Faces of Africa – Doctor on a mission

Dr. Georges Bwelle (in white coat) is a visceral surgeon based in Cameroon and the Founder of ASCOVIME


Yaoundé is the capital of Cameroon with a population of approximately 2.5 million. It’s the second largest city in the country after the port city, Douala.

The only largest hospital is the Central Hospital of Yaoundé (Hospital Central de Yaoundé) with only 650 beds.

Dr. Georges Bwelle is a visceral surgeon based in Cameroon and works at Yaoundé Central hospital.

Dr. Georges Bwelle (in white coat) is a visceral surgeon based in Cameroon and the Founder of ASCOVIME

George started his medical journey in 1990 when he enrolled as a medical student at Yaoundé Teaching Hospital and graduated in 1995. His good performance awarded him a scholarship for visceral surgery in Belgium. Visceral surgery focuses on internal body organs.

His passion to be a medical doctor and surgeon came from the experience he had with his dad and the words his dad told him. He narrates how his dad was sick and used to accompany him to the hospital for treatment. His father once told him, “Please when you’re going to be a doctor, take care of people who have no means to see a specialist”.

Georges eventually came up with an organization called ASCOVIME. An organization that focuses on bettering lives of people.

Georges using a flashlight to perform a surgery in one of the rural areas. This is one of the problems the group encounters. Most areas are served by diesel-generated electricity or have no electricity at all in Cameroon.

ASCOVIME group works every weekend, visiting various villages in Cameroon where health facilities are rare and expensive. They provide health services that include free surgeries and supply of medicine. The team has since grown to a bigger team where they have volunteers coming in large numbers each year from all over the globe.

“I heard about this from 2nd year students who were here last year saying the experience was incredible and I came this year to experience it too. Georges mission to bring healthcare and education to Cameroonian rural areas is inspiring and has drawn me here,” said Katelyn Mcalister, an American volunteer.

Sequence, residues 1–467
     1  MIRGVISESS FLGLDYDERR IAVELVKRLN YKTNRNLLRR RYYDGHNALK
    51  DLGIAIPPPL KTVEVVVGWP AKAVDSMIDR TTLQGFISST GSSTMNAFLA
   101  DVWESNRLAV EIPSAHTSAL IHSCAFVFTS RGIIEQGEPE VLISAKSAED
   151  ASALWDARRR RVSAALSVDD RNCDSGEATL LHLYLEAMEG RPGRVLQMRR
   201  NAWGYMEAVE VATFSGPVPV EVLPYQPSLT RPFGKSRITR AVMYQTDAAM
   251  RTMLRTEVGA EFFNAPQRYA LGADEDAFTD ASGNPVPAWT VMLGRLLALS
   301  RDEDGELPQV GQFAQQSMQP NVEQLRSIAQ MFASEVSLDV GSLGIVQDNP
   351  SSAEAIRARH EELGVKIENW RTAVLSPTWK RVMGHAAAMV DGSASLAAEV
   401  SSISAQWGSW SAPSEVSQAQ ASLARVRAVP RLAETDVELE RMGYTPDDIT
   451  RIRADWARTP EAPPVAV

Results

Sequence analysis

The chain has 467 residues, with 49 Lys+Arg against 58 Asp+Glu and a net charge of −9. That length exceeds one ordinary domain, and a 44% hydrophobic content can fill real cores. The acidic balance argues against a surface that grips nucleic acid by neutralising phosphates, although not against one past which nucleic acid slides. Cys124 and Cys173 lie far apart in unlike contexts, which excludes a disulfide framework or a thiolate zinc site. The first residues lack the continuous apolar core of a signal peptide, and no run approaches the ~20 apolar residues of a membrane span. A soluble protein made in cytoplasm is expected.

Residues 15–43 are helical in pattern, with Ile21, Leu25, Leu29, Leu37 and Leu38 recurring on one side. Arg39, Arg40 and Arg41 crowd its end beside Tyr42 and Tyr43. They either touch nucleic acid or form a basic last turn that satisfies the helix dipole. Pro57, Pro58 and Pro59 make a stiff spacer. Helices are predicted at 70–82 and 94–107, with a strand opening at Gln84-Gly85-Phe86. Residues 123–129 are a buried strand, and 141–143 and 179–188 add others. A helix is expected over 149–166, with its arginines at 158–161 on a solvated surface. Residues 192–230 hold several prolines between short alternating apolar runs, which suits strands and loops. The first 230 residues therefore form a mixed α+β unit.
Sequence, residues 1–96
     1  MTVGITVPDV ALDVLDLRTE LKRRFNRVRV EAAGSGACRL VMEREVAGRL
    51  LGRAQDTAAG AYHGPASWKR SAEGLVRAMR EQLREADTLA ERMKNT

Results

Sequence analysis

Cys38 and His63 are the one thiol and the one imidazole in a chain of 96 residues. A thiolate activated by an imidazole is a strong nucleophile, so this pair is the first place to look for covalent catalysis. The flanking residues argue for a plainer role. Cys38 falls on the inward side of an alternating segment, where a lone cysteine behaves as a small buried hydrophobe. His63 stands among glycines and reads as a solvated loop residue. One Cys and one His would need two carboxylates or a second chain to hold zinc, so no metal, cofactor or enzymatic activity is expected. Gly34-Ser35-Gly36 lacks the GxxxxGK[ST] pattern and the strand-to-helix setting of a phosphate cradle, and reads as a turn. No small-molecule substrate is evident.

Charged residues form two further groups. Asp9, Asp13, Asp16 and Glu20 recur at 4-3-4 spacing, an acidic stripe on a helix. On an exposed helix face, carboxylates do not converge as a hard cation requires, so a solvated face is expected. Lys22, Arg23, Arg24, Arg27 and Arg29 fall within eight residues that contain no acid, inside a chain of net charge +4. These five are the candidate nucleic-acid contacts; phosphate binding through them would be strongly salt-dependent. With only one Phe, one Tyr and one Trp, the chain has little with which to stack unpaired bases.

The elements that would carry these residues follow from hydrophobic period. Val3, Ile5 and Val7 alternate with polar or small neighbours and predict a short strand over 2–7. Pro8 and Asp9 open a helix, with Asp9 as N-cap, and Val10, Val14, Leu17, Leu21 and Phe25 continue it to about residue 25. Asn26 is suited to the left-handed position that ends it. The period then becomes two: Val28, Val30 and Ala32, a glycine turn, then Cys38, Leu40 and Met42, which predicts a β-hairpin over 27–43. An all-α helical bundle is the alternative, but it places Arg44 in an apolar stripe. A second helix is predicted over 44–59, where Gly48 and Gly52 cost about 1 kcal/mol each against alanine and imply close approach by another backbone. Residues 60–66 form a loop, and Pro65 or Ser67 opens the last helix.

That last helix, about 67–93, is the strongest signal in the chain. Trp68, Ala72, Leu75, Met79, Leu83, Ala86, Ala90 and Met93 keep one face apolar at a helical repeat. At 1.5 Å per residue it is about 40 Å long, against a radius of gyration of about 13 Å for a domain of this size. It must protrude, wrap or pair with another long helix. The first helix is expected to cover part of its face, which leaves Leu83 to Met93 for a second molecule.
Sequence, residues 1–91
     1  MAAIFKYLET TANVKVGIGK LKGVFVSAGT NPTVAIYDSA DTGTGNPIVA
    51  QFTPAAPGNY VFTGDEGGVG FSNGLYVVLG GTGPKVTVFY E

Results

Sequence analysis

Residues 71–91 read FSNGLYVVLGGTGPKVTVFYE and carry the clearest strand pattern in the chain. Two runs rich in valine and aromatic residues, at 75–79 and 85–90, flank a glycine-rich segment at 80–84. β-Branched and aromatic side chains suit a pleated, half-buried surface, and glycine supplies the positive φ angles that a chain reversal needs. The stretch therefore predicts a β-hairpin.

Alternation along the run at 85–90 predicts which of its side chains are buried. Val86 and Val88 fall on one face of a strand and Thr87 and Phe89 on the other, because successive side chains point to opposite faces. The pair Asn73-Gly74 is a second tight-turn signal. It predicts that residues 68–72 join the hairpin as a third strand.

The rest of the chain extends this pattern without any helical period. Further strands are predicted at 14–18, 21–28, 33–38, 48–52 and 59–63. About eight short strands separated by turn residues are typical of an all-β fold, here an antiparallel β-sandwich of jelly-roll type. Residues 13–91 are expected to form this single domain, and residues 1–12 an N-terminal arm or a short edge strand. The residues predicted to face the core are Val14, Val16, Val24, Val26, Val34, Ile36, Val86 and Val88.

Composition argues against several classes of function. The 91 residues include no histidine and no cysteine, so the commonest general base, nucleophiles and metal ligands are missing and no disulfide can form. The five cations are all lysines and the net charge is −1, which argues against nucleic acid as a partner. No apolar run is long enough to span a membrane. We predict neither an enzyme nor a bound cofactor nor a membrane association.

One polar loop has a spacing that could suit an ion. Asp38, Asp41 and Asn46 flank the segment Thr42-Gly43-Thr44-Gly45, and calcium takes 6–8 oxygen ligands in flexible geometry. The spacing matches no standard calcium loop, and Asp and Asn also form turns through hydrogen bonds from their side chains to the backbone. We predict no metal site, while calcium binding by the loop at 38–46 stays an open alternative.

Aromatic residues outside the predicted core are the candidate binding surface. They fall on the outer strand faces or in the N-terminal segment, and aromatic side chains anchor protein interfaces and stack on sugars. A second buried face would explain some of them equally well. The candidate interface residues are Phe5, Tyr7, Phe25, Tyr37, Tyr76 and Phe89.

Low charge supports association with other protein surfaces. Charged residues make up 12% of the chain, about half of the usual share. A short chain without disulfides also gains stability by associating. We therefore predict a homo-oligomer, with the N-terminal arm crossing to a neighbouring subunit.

Georges explains that in the initial stages, he had to fund the organization with his own cash which was not so much. His friends volunteered to give their cars and George would fuel them. With time, he was able to get more volunteers giving cars, offering to cater for fuel and that started easing things out.

Georges and his team of volunteers after a rural area weekend campaign.

Jean Zambo is one of the Patrons of ASCOVIME who is also a banker and never misses the weekend tours to rural areas despite his busy schedule. He heads ACEP a micro finance company and donates his four trucks to ASCOVIME every single weekend.

Jean says, “I met Georges during a campaign and I was moved by what he was doing, I asked the institution what we (ACEP) would do to help ASCOVIME in their work throughout the country and we offered transport”.

Children displaying books and pens donated to them by ASCOVIME.

Georges does private surgeries and also teaches at a medical school.

Despite the smooth running of the organization, there are many issues that the team faces while on medical camps such as lack of power which is a pertinent issue in the rural areas. They often use flash lights or generators.

After every medical campaign, the ASCOVIME team provides learning materials such as books and pens to the children they meet in the villages.

ASCOVIME has made Georges be recognized locally and globally. In 2013 he was named one of the CNN Heroes.

Sharing is caring and therefore Georges will continue sharing what he has and also helping the poor as his late dad instructed him.